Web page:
Taking its name from the griddles used to prepare the specialty crêpe dish dosa, Manish Patel’s Tava is a post-COVID success story. What started as a pop-up later expanded to the (now-defunct) Auction House Market food hall. Then this spring Tava finally landed as a brick-and-mortar on Girod Street, tapping into the returning vitality of the South Market District.
Patel cuts across the grain of more familiar (typically Punjabi) Indian cuisine, with its butter chicken and basmati rice, and instead draws on the dishes of his family’s Gujarati heritage. Using dosa as his expressive base, Patel builds around it with a lighthearted, improvisational approach. “I like to have fun with my cooking,” he said. “I’m creative and I wanted this place to reflect that spirit.”
Housed in a lofty bay in the Paramount building, Tava’s long open kitchen offers cooking capacity the food hall never could, and Patel has been quick to seize on that. The menu has grown up. Flanked by walls bursting with colorful murals, the ambiance complements the vibrancy of the dishes that parade, course after small course, from kitchen to table.
While similar in technique to a traditional French crêpe, dosa’s unique batter takes it in a crispier, more savory direction. The fermented rice and lentil batter “can be a hassle to make at home,” Patel said. “You have to grind it, soak it and ferment it – it is a lot of work for what is in the end a pretty simple batter.” Consequently, most Indians who visit here receive it as they would a dish for a special occasion – a treat.
Vegetarian iterations offer complexity through a panoply of seasoning. The entry-level version serves up masala potatoes, sambar, and coconut chutney portioned out on a plate dominated by the dosa. Mix and match bites at will, augmenting them with additional chutneys. Wagon-wheel puffs of fried Far Far extend the dipping possibilities. By happy coincidence dosa are gluten-free and this, plus the array of vegetarian options, should make Tava a top choice for those who choose not to eat meat. For those that do, try the lamb vindaloo version, which offers up a succulent portion of shredded lamb.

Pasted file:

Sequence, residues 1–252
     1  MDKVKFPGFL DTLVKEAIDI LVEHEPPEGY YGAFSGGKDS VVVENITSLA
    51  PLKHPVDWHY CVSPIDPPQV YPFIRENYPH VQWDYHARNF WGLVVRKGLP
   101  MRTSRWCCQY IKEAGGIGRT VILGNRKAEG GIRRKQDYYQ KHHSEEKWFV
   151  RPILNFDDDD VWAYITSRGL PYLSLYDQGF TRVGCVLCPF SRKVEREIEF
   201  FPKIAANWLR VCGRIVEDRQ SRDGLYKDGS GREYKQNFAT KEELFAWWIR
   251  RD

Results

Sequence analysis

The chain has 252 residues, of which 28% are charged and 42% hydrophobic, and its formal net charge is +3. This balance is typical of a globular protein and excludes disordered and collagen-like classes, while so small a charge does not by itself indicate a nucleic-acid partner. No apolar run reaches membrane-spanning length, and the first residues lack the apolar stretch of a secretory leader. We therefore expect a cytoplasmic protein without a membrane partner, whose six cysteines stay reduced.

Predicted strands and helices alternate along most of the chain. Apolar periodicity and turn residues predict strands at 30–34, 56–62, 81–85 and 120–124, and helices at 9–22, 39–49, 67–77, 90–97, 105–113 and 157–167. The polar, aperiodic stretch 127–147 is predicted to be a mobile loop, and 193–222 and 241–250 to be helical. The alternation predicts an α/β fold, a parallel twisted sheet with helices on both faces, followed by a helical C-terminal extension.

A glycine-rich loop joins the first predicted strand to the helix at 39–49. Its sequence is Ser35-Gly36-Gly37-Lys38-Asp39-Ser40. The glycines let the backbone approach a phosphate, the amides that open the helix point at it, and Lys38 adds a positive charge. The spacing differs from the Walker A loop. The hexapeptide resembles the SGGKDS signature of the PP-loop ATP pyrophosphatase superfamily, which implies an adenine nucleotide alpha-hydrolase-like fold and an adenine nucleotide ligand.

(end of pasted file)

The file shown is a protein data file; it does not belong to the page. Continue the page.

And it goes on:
Fun crossover dishes include street corn, which swaps the seasoning of the Mexican staple for the less familiar flavors of Kashmiri chili and cumin, united by buttery ghee. Good old U.S. tater tots serve as the core for a couple of fun mashups including “Tater Chaat,” which uses them in lieu of cubed potatoes. Complexly vegetarian “Dabeli Sliders” represent Patel’s Gujarati heritage while his “65 Wings” – assertively spiced with Kashmiri chili and curry leaves – put an American twist on Indian flavors. “I love wings,” Patel said, “and after all, we are a football city.” This take is also put to good use in his “Chicken 65 Sandwich,” augmented with spicy garlic slaw and pickled cucumber on a sesame bun. This sandwich is one of his best sellers.
The reaction to Patel’s cuisine by the Indian community runs the gamut from confused (“Where is the biryani?!”) to beloved (“This tastes just like home.”) Interestingly, reactions don’t necessarily correlate with age; older diners can be the most embracing. Patel takes heart in this vote of confidence. “If someone tells you it tastes like their grandmother cooked it – I think we are doing a pretty good job.”
Tava Indian Street Food. 611 O’Keefe Ave., Unit 8, South Market District. (504) 766-9612. tavanola.com.
About the Chef
Born and raised in New Orleans, Patel grew up with a passion for cooking with his father, who worked long hours as a chef in some of New Orleans’s top hotels. Initially discouraged from the trade, Patel went to college for architecture and the visual arts, but couldn’t shake the cooking bug. After one dark day when he was fired on his birthday, Patel finally decided cooking was where his heart was and embraced it. Since then he has thrived and in doing so brings to New Orleans a fresh take on the complex cuisines of his heritage.